Plans backed by international renewables giant Engie to build a solar powered, megawatt-scale hydrogen electrolyser plant to produce “green ammonia” in the Western Australia Pilbara region have been referred to the state’s Environmental Protection Authority.
Yara Pilbara Fertilisers and Engie said the project would initially build an 18MW solar farm and a 10MW hydrogen electrolyser within the Burrup Strategic Industrial Area (SIA), to provide a zero-carbon feed source for the existing YPF Ammonia Plant.
The longer terms plans are for a 100MW solar plant and an electrolysis system of around 66MW.
The two companies began actively investigating the feasibility of decarbonising Yara’s Pilbara ammonia plant in February of last year, with the backing of $995,000 in grant funding from the Australian Renewable Energy Agency.
Yara said at the time that the renewable hydrogen produced would displace 30,000 tonnes a year of hydrogen that was currently derived from fossil fuels. In documents submitted to the WA EPA this week, it was estimated the plant would produce around 640 tonnes of renewable hydrogen a year.
As Engie explained it in 2019, the goal is to transform the plant from one that relies completely on natural gas for hydrogen to one where a significant share of the hydrogen comes from renewable power.
“Engie is investing in clean hydrogen in the belief that it is likely to become a key component in clean energy networks because it can store energy in large quantities, over long periods of time and across great distances. Hydrogen can make the sun shine at night,” said Engie Hydrogen CEO Michèle Azalbert in comments at the time.
The documents this week said the footprint of the renewable hydrogen plant would be “discrete,” at just under 25 hectares, including the solar array, the hydrogen electrolyser and the associated infrastructure. These would be built adjacent to the existing ammonia facility, roughly 11 km north-west of Karratha.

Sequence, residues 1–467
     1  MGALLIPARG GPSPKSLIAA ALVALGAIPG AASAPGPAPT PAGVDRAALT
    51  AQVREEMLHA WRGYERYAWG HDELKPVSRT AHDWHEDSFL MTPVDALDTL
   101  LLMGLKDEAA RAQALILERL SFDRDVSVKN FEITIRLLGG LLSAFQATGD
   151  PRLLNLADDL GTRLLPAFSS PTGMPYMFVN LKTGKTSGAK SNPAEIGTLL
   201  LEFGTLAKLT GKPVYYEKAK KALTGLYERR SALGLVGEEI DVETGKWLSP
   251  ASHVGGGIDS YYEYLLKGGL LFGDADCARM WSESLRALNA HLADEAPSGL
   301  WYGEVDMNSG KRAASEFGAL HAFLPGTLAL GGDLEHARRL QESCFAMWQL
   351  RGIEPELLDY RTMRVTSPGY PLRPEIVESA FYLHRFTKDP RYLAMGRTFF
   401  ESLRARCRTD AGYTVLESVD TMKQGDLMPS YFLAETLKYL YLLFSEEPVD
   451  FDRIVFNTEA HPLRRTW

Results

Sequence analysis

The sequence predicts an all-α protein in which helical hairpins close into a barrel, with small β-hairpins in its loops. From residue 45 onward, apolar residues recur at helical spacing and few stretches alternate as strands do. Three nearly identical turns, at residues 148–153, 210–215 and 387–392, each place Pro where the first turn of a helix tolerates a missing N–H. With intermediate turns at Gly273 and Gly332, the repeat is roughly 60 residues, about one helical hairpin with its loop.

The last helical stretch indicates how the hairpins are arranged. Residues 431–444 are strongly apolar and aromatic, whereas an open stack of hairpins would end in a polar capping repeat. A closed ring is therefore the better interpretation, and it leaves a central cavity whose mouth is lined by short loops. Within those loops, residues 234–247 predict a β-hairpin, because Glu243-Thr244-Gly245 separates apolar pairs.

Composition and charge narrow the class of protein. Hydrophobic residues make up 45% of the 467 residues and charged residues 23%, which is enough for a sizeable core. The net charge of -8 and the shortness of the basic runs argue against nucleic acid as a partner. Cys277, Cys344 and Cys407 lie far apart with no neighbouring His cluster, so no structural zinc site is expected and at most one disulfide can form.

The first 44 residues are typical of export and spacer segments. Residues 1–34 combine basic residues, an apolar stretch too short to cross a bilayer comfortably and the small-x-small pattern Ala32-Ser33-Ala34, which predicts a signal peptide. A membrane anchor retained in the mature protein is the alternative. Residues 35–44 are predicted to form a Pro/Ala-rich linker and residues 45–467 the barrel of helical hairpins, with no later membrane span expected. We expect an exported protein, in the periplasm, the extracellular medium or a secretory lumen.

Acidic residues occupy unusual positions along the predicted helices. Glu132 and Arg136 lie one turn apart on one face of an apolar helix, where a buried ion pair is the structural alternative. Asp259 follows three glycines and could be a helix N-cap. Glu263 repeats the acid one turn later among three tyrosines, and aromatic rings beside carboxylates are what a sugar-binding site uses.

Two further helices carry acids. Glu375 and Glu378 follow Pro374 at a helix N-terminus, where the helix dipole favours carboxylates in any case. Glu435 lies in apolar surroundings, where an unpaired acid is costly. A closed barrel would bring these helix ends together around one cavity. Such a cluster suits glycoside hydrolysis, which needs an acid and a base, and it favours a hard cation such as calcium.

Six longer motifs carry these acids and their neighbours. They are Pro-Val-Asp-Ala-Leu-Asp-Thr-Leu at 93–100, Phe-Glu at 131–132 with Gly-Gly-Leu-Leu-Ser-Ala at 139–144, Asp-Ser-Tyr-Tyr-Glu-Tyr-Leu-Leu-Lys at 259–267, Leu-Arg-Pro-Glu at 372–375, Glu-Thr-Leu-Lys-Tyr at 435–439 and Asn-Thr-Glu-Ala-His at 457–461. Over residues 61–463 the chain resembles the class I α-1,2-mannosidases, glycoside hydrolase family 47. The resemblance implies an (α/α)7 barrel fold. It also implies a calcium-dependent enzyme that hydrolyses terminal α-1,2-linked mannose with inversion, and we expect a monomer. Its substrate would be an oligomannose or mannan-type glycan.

This will be important, as the project is proposed for land adjacent to a National Heritage listed area and the Murujuga National Park, as illustrated in the diagram below (the light green-shaded areas are the heritage listed parts and the thin dark-green stripes are the National Park area).
YPF and Engie also noted that the project would support decarbonisation on Murujuga (Burrup Peninsula) and support Australia’s developing ‘green hydrogen’ market, while keeping up the production of ammonia at the existing plant.
“It is expected to promote economic growth in the region and result in employment opportunities for the local population in both the construction and operational phase, including the opportunity to work together with the local Aboriginal traditional owner groups to develop commercial, employment and training opportunities,” the documents said.
The plans of Yara and Engie join a long and ever growing list of renewable hydrogen projects proposed for all around Australia, including the massive Asian Renewable Energy Hub project that proposes to develop up to 26GW of wind and solar capacity – also in WA’s expansive Pilbara region.
That project, which late last year gained major project status from the federal government as well as the backing of Copenhagen Infrastructure Partners, aims to invest more than $50 billion in establishing a massive renewable energy export hub, which would include the export of wind and solar energy to Asia, through the production of renewable hydrogen fuels and ammonia.
And last month, iron ore billionaire Andrew Forrest and his Fortescue Metals jumped on the band wagon, with plans to be producing green hydrogen at commercial scale as early as 2023, and to use much of it to make green steel in Australia.
Yara and Engie have the advantage, however, of a smaller-scale project and the existing ammonia plant and infrastructure. The companies said they expected construction to kick off sometime this year, when and if all regulatory approvals were secured, and continue until June 2023, all going to plan.